Becoming a Piercer

Becoming a Piercer

Quite often we receive contact from members of the public asking how to get into the piercing industry. We hope that this page offers some useful advice and insight into how to proceed.

There are no shortcuts to being a good piercer.

Learning to pierce is going to take time, dedication, and perseverance, but it’s super important to know that you are making the best start. Training with a professional piercer is the accepted way to get into the industry. This is sometimes known as an apprenticeship, however, as this is a recognised legal term in the UK, this should really be described as being a ‘trainee piercer’ rather than an apprentice. This means that you work in the piercing studio and learn from an experienced mentor. They will teach you everything from hygiene practices and avoiding cross-contamination to jewellery standards and physically how to perform a piercing. It’s unrealistic to expect to be working on clients straight away, but it is likely that you will spend the early days shadowing your mentor while they explain how they work. Training as a piercer can last anywhere from 6 months to a couple of years depending on your mentor’s teaching style and how facts you learn. Even after that though, it’s always important that you continue ‘forever learning’ as a piercer and continue to adapt, listen and move forward throughout your career.

It’s important to note that being a trainee piercer will not be linked to a college course (like a hairdressing apprenticeship, for example) because there is no formal qualification in body piercing. This means that what you learn and the way that you learn it will be determined by your mentor.

Would I get paid?

Until recent years, it was common that piercing trainees were unpaid because your mentor was training you to potentially become their competition. However, that viewpoint is very old fashioned these days and by law, you should be paid a fair living wage while you are training. It is impossible to learn if you’re worrying about how to make ends meet so you should be earning while you learn within the studio. Some studios may also be able to offer you shifts working front of house to supplement your income.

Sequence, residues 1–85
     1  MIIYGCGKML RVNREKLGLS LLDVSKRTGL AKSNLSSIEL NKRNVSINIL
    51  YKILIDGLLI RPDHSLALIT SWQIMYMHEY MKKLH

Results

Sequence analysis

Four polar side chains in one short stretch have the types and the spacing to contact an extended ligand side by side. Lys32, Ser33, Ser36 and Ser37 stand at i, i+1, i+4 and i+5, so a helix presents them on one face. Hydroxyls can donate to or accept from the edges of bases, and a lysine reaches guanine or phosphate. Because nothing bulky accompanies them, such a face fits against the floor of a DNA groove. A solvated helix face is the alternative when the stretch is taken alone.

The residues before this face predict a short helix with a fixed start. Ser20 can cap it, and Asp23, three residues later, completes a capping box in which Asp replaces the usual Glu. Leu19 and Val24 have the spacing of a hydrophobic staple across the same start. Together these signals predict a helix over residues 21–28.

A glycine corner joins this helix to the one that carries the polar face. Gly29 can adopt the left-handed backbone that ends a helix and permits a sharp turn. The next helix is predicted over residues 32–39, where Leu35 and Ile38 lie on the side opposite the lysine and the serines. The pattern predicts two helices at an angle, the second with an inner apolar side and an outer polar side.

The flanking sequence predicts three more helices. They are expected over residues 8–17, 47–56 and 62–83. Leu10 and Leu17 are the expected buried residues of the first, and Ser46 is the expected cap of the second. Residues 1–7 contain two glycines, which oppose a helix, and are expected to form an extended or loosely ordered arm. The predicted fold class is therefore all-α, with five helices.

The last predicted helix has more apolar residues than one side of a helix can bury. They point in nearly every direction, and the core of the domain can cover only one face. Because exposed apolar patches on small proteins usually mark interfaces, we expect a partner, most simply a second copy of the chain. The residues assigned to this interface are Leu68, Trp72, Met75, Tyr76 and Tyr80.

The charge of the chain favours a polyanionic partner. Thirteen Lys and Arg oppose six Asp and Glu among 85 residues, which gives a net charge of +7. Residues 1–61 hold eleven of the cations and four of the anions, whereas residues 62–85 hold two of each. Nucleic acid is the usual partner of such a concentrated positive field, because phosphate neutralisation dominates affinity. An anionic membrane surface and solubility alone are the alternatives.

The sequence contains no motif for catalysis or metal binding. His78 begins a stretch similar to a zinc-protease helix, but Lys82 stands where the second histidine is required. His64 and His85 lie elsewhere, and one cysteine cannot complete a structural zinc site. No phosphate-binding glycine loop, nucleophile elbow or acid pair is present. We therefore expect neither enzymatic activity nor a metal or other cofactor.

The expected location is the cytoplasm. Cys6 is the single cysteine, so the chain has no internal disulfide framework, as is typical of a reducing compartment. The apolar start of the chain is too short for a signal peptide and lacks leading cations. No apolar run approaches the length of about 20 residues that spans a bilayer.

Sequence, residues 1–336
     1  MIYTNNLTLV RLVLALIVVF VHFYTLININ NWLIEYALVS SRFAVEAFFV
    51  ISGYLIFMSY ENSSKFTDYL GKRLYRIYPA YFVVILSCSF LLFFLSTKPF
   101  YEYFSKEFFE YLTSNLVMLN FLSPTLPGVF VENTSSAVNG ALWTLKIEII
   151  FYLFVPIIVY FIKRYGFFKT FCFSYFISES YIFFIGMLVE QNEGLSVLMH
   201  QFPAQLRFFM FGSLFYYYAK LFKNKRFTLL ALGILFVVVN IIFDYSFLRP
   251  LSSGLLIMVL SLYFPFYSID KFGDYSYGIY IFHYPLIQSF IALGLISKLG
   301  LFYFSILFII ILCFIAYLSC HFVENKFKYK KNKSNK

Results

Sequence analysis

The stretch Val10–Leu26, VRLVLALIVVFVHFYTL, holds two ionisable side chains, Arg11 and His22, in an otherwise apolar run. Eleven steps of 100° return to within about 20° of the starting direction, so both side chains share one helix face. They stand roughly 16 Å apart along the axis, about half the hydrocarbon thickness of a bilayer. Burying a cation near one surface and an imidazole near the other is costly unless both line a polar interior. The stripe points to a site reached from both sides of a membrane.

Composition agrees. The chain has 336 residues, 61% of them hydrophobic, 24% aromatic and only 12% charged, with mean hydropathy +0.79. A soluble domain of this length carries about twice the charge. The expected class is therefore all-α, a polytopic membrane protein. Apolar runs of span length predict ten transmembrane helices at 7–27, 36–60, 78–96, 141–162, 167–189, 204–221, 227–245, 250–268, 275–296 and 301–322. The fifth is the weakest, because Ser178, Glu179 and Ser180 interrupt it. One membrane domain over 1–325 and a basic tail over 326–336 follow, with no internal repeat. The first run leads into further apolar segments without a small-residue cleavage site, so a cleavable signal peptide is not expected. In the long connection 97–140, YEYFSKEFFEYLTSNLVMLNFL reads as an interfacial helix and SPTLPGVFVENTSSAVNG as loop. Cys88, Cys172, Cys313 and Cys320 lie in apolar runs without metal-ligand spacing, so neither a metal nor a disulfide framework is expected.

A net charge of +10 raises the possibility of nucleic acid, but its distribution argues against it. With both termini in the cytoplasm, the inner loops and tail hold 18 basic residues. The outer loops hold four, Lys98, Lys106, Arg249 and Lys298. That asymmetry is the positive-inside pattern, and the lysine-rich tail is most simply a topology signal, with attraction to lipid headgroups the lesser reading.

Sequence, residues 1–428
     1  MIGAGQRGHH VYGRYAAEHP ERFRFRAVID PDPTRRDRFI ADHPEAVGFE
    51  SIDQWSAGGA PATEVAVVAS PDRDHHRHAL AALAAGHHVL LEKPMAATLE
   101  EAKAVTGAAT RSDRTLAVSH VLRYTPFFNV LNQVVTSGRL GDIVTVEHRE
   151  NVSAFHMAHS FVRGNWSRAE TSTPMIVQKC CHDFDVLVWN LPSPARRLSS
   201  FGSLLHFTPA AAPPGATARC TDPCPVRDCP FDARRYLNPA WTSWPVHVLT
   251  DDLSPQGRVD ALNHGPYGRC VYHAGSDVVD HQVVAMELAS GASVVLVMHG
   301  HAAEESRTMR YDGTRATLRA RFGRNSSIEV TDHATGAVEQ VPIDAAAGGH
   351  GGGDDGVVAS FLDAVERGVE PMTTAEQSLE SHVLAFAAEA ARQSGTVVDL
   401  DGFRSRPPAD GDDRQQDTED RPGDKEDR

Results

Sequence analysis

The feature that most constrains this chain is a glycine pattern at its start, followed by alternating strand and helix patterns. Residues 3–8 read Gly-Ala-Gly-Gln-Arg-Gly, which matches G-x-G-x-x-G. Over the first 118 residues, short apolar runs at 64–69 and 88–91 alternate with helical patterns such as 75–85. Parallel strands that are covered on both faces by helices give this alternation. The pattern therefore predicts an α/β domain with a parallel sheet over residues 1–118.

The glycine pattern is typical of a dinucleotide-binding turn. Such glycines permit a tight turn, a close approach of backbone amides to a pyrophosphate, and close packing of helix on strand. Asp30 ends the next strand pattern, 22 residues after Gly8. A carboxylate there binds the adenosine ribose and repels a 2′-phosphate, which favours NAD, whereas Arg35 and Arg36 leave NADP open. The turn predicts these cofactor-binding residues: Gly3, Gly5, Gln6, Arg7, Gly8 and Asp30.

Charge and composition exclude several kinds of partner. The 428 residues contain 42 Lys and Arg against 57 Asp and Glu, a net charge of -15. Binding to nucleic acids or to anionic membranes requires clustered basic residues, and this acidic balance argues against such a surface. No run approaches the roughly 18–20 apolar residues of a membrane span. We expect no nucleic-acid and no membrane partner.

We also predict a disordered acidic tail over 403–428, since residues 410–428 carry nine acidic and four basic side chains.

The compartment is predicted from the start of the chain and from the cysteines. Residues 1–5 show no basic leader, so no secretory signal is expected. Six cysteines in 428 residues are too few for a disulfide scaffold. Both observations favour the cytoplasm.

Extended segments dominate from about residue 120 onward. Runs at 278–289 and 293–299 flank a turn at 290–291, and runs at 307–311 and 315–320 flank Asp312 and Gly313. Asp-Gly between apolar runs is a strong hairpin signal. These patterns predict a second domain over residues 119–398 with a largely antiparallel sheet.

The UKAPP does not advocate unpaid training programmes and we would strongly advise prospective trainees to see it as a red flag if a studio is asking you to do unpaid work or to pay them to teach you.

It is also important to note here that you should never be asked to pay in sexual favours for your piercing education and bullying or hazing should never be part of your training. If you are in a situation like this, please seek help and get out immediately.

What about piercing courses?

Unfortunately, piercing courses are not recommended. It simply isn’t possible to teach everything you would need to know to pierce safely and independently by completing a course that lasts only a few days or weeks. Piercing courses are a money-making enterprise, often set up by piercers using outdated methods, and many people who do a course end up having to look for an apprenticeship later to fill all the gaps in their knowledge.

Is there anything I can study to help get into the piercing industry?

We would highly recommend that you do a First Aid and a CPR course as this will be a requirement in order to apply for your registration with your local council. We also recommend doing a Blood Borne Pathogens course to gain an understanding of what blood borne pathogens are and how to reduce cross contamination.

You would need to be 18+ to be taken on as a piercing trainee. If you’re under 18 and choosing college subjects, it may be worth considering which subjects might help you in your future piercing career. We would particularly recommend Biology to give you a good base knowledge of anatomy and how the body heals, as well as Business Studies to help you to potentially be self employed in the future. It’s also very important to have great communication skills, reading and writing skills (there’s often lots of emails to answer, troubleshooting or explaining how to take care of a piercing etc), and good organisation skills.

How do I get a studio to take me on?

It’s very important to make sure that you are training at a studio that works to high standards. Accepting a role in a less than ideal shop can sometimes hinder your progress if you are learning outdated methods or not being paid. We would advise that you find piercing studios local to you that are working to a high standard (check out our member’s listing to help you find somewhere) and start by getting pierced there and being a ‘good client.’ Whilst a studio may advertise that they are looking to take on a trainee, many trainees start by being a regular face in a studio so that the piercer has already got to know them and their passion for piercing before taking them on. It is rare that a studio will take on a trainee from a “cold call” or “cold email.”

We hope that this guide has answered some of your questions about how to get into the piercing industry and dispelled any myths. We wish you the best of luck on your journey!